Jacques du Plessis, managing director of the Netcare hospital division, suggests that the procedure marks an “important milestone in the history of South African urological medicine”. He believes the da Vinci robotic technology is an important and much-needed new tool in the battle against kidney and other cancers.

“Up until now the da Vinci Si robotic technology has only been used to perform radical prostectomy, the surgical removal of the prostate gland, and it has been highly successful in this role both locally and internationally,” confirms Dr Greg Boustead, who is the consultant urological and robotic surgeon and consultant advisor in robotic surgery to Netcare hospitals.

“The considerable potential of the technology to assist with a variety of minimally invasive procedures in urology and in other medical fields such as gynaecology, has been recognised ever since the system was first introduced at Netcare Waterfall City Hospital in Midrand, and Netcare Christiaan Barnard Memorial Hospital in Cape Town last year. The treatment of kidney cancer is an important new application for the da Vinci robotic technology in South Africa,” he suggests.

Dr Conradie agrees, noting that kidney cancer is not uncommon, affecting approximately 190,000 people worldwide every year. He says that the disease can be cured in the great majority of cases if it is detected early and treated appropriately.

“Each kidney cancer case differs and treatment depends upon factors such as the type of cancer that is present, the extent of disease, and the patient's condition. However, if the disease is detected before it can spread to other organs, it can usually be successfully treated.”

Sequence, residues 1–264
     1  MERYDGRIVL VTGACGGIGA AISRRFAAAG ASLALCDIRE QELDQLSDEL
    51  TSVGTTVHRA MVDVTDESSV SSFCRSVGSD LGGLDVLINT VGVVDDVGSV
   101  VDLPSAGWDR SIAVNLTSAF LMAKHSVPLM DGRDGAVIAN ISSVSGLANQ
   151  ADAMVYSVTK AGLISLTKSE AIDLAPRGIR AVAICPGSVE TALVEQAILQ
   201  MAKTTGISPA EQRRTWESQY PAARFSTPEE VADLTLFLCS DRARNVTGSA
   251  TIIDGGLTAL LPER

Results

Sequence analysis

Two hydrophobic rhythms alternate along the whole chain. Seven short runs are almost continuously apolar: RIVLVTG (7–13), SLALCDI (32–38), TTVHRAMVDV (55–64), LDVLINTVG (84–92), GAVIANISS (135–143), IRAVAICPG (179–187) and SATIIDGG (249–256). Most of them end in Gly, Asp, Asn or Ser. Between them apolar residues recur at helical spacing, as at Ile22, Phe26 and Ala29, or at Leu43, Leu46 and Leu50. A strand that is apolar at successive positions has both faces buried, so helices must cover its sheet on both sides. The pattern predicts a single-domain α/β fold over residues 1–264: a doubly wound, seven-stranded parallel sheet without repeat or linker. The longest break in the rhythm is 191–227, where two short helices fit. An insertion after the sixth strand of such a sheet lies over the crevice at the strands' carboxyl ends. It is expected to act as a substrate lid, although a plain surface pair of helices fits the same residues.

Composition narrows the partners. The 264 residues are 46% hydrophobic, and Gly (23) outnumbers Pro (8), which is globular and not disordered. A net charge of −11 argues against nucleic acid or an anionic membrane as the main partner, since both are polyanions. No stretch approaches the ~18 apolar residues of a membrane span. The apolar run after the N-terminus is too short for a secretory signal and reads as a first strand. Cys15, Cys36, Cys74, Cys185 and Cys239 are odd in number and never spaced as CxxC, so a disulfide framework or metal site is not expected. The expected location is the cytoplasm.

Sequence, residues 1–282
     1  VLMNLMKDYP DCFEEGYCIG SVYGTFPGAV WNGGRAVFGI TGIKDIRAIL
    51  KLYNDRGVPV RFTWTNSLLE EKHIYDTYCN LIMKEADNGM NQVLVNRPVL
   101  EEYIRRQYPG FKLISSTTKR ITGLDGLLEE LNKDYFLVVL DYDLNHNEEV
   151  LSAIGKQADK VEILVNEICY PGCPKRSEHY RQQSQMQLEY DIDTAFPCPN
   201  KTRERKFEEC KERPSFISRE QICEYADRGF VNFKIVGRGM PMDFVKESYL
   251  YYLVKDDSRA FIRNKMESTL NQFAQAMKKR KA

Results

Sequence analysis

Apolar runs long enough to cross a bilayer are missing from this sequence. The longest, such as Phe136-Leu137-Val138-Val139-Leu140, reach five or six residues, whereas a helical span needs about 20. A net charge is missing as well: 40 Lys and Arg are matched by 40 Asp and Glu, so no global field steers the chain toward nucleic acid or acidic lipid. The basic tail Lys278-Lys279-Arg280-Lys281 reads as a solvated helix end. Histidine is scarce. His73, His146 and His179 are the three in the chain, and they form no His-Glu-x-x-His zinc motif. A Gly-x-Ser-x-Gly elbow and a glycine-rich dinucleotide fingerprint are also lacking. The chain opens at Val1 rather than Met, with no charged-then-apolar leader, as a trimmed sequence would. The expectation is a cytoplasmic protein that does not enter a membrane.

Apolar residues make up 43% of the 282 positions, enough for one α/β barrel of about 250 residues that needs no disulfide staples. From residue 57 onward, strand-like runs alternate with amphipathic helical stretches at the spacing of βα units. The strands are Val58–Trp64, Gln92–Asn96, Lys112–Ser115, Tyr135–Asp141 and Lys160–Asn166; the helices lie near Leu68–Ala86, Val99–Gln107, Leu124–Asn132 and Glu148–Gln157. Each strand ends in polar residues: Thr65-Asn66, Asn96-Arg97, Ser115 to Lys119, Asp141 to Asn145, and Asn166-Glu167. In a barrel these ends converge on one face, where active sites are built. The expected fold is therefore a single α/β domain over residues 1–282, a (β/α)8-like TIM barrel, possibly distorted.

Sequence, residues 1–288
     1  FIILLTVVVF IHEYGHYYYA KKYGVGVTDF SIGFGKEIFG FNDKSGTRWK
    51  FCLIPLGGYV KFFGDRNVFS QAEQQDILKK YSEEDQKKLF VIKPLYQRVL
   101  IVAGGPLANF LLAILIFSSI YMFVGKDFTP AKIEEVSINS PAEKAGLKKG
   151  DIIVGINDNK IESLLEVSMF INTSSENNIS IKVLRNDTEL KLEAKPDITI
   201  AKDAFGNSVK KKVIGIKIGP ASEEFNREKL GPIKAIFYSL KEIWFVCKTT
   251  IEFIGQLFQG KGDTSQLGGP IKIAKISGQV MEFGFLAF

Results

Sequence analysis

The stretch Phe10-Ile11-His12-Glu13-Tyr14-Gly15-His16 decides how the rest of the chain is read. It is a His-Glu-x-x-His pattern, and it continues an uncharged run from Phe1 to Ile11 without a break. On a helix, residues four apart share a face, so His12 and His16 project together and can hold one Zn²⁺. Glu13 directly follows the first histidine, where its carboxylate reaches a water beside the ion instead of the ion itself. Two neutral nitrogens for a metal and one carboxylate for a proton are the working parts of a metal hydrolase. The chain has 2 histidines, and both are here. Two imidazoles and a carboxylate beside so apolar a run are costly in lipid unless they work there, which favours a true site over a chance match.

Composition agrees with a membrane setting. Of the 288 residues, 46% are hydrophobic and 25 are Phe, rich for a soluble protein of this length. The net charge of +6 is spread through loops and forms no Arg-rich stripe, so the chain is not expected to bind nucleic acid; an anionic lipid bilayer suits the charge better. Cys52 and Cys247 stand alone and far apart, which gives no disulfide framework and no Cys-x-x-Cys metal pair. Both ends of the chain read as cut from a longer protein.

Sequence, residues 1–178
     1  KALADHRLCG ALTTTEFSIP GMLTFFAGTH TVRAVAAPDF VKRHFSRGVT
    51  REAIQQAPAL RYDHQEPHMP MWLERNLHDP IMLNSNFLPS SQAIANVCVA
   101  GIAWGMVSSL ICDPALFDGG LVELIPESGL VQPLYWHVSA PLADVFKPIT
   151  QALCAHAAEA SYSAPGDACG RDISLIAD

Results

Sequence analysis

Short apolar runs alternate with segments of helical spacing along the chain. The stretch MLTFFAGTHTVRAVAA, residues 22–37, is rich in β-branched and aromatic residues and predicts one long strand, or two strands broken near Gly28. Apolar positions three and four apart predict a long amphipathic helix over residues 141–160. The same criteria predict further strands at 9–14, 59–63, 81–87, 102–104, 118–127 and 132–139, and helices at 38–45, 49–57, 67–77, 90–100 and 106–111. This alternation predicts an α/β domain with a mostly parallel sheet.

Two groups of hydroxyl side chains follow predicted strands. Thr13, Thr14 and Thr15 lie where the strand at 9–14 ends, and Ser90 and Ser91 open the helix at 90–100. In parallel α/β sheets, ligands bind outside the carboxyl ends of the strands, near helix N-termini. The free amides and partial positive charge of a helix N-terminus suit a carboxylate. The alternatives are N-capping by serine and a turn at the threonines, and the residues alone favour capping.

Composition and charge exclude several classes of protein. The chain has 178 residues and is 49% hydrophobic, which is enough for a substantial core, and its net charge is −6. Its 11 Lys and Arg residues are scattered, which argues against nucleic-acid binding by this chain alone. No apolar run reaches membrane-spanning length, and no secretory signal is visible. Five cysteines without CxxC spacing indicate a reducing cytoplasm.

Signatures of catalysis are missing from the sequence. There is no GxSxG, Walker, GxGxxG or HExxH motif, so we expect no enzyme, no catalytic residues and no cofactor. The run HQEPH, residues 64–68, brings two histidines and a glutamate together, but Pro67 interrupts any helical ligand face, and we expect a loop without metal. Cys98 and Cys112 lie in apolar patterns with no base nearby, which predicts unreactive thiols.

Surgery is the main treatment for most kidney cancers and may involve the removal of only the diseased part of the kidney, which is known as a partial nephrectomy, or it may require a radical nephrectomy, the complete removal of the organ. In this particular case the disease had advanced to the stage that the entire kidney had to be removed, states Dr Conradie.

 “This procedure demonstrates that in trained hands, the da Vinci robotic system can successfully be used to treat kidney cancer with fewer risks than are associated with traditional open surgery. We consequently expect a growing demand for the technology within fields such as nephrology into the future,” adds Jacques du Plessis.

“We are excited by the increasing number of treatment options that the highly versatile da Vinci system is making available to our patients in a variety of areas of medicine. The introduction of this technology has been driven by Netcare’s commitment to continue creating an environment for specialists at our hospitals to offer their patients treatments that have been proven internationally to enhance medical outcomes,” concludes Du Plessis.



Issued by:           Martina Nicholson Associates (MNA) on behalf of Netcare
Contact :               Martina Nicholson, Graeme Swinney and Sarah Wilson

Telephone:        (011) 469 3016